Have you ever had a really rough interaction that has stuck with you long after it ends? Of course you have, you’re human. Ok, how about when you consult with your “go-to” friend to get blow off steam. You want to explain to your listener how hurt you are – that you’re not sure how to move past these feelings right now. You just want to be heard and your feelings validated. Instead, you’re told what you should do. You really didn’t intend for this conversation to go this way. You didn’t want advice and now you’re not only frustrated from the initial interaction, you’re now irritated with this second conversation. You just shut down and nod yes for the rest of the time your friend spews advice.
What if things went a different way? You’re with another confidant explaining the rough interaction. You see that your friend is looking at you, nodding her head, listening. As soon as you finish relaying how upset you are, you hear, “wow, that sounds really tough,” and “how are you holding up?” and “what can I do to help?” This time, you feel heard, like your friend is on your team. After you’re done talking, you might feel lighter, even if the situation isn’t resolved.
Steven Covey said that “most people do not listen with the intent to understand; they listen with the intend to respond.” When one listens with the intent to respond, it means that the listener has an agenda. There’s something forced in that dynamic. It’s as though you need to get your word in to know that your input is valuable. Either that, or you just think you’re a know-it-all and no one else has anything worth listening to.
Ultimately, the best listener will make the speaker feel heard. When one is heard, we are acknowledging their thoughts and feelings. The Power of Acknowledgement allows a speaker to feel understood.. Feeling understood can give a person the same sensations of receiving a genuine compliment or even feeling loved. Acknowledgement makes one feel truly understood and seen. Even if it’s a work relationships, acknowledgment and understanding will give others a feeling of trust and safety and create a more intimate work relationship.
Anatomy of an Acknowledgment
Acknowledgment has a way of showing the storyteller that you’re truly listening. It also has a way of indicating that you truly understand what’s at the core of the story. Although acknowledging can feel like a compliment, it is a little different.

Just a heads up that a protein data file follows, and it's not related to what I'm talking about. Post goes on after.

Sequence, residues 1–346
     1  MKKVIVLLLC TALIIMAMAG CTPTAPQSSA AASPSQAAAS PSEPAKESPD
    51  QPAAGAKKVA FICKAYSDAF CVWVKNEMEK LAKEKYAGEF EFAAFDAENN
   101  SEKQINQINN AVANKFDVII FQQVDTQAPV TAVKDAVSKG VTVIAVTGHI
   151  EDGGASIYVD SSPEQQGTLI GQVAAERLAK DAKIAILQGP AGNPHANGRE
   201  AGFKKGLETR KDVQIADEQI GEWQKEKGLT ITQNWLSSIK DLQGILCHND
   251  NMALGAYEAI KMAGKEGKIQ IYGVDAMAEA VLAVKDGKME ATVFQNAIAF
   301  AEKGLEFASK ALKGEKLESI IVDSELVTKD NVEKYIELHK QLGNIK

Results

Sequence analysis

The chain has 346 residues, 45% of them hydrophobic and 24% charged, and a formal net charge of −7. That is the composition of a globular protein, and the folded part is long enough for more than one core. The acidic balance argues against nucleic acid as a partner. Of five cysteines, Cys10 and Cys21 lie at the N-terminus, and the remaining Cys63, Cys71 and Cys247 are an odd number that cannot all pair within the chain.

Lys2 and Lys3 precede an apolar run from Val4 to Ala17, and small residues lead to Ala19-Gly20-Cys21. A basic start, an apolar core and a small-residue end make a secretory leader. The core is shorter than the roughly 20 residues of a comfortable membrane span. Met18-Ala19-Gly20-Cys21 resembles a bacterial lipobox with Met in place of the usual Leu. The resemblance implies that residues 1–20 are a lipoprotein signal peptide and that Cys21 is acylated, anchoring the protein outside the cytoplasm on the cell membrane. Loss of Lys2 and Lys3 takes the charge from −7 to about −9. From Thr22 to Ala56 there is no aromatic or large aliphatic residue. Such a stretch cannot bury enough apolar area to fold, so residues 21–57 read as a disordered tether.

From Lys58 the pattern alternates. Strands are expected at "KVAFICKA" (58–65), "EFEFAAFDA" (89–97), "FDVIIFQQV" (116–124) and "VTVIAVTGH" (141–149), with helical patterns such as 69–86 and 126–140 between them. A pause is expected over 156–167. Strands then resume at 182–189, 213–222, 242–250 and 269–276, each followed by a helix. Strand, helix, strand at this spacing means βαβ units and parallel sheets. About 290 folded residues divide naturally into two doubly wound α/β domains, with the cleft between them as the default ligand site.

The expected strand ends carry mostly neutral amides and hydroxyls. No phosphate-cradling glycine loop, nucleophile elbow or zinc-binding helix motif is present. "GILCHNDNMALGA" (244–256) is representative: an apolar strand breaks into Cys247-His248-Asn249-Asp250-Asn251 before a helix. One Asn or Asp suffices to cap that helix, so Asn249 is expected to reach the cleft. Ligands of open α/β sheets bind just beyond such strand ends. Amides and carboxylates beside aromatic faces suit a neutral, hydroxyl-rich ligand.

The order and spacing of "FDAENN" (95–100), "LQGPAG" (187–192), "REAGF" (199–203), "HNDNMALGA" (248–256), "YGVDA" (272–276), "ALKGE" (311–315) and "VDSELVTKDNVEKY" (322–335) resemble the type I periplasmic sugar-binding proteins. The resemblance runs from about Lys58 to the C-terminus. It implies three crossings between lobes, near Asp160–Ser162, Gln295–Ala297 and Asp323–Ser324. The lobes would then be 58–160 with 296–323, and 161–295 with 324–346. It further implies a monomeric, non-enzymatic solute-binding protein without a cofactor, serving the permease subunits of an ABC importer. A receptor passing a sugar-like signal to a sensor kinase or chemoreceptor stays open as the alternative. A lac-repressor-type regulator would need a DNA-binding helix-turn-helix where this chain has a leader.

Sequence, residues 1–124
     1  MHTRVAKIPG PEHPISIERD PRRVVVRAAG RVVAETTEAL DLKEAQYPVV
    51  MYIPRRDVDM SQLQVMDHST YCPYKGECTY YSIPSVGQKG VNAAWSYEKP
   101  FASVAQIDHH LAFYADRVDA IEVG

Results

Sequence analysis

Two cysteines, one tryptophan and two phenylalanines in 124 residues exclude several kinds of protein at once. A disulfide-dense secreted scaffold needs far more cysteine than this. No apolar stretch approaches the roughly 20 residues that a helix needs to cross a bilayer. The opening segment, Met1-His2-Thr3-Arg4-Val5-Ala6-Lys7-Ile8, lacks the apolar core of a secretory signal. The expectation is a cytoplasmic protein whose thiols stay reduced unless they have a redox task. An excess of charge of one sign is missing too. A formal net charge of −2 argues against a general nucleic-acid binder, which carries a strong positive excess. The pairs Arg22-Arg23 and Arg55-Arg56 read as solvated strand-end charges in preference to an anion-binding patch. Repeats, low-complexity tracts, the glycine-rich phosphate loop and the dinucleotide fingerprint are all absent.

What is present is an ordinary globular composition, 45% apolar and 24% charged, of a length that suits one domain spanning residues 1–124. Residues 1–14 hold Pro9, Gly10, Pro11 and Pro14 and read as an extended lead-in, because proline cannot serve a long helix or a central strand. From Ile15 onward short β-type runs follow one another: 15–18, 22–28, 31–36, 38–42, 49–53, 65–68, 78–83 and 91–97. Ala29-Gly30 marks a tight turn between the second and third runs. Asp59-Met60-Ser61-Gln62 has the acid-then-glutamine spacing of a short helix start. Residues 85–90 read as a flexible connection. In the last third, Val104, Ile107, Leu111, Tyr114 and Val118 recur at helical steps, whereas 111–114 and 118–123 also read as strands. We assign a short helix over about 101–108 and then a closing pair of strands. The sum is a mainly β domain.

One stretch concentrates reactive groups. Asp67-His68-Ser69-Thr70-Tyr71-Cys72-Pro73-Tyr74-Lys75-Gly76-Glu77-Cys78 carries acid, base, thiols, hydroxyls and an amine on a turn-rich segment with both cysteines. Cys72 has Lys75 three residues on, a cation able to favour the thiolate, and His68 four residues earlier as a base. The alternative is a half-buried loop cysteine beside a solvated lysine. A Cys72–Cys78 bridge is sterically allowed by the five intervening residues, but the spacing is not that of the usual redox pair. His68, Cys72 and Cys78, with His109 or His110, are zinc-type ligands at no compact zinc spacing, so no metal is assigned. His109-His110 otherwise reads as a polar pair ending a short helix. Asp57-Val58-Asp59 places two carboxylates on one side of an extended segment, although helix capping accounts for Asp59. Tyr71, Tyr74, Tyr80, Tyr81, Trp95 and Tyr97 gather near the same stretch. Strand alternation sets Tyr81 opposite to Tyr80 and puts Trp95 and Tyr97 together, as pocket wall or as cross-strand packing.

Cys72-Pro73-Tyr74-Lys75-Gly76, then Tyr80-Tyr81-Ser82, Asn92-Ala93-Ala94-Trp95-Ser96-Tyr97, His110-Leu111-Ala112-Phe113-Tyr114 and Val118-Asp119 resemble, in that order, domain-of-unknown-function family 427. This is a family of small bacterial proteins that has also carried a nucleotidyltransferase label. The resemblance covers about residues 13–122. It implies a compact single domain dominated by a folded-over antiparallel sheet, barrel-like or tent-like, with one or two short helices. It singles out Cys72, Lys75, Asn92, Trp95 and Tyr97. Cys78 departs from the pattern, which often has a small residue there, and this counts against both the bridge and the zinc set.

A formula to giving the best acknowledgements. It typically starts with “You are” and is a 3-5 word sentence. The longer it gets, the muddled it gets. Short, sweet. You don’t need to support it with evidence.
Examples of acknowledgements
You have a huge heart.
You are a good mother.
You are a loyal partner.
You are so brave.
How to give an Acknowledgment
Don’t overthink it – if you’re intently listening to someone, it’s usually obvious when you want to verbally acknowledge your storyteller. An indicator for me is whenever the word “wow” pops into my head about a situation, there’s something there. If the story elicits a “wow, that’s a crappy situation,” you might note how the speaker is handling the situation and say something like, “you’re really strong.” The storyteller isn’t telling the story to get feedback. She’s not likely fishing for a compliment. Often when we’re in an emotional place, we’re just looking for release and to feel right again.
Step 1: LISTENNNNNNN.
You really have to listen. Put down your phone. And be honest; if you missed the last sentence, admit it and ask for it to be repeated.
Step 2: Don’t hold your own agenda.
You have to listen with a heart of empathy. It doesn’t matter what you want. It only matters how the speaker is feeling. Even if the outcome impacts you, you need to listen as though you’re the speaker. For a moment, you have to remember, nobody cares what you think.
Step 3: When they’re telling the story, listen AND observe.
What is her demeanor? When she speaks, what is her body language? Notice her attitude and behavior.
Step 4: Give an acknowledgment.
I usually ask, “can I tell you what I’m seeing?” or I simply just come out with the acknowledgment. It’s important not to surround the “You are ___” sentence with a ton of fluff. Short and sweet goes straight to the heart. If you add all the logic or explanation, it goes to the brain. KEEP IT SHORT, friend.
Seems simple, right? It seems SO easy but often, our emotions are neglected by others until we’re so frustrated that we want to blow up. We want to think of ourselves as powerful, strong, courageous, compassionate, (insert any other powerful value here). It’s not often that we get told we’re showing up in the world that way. It’s not often that somebody takes a moment to give us a piece of valuable feedback that’s genuine and catered to us.(like a compliment, as nice as it feels to get one).
Use this with your best friend. Use this with your partner. Use this with your business partner. Use this with your mom. Use this with your kids. Use this with anybody to strengthen a relationship. You’ll see some dramatic results in no time.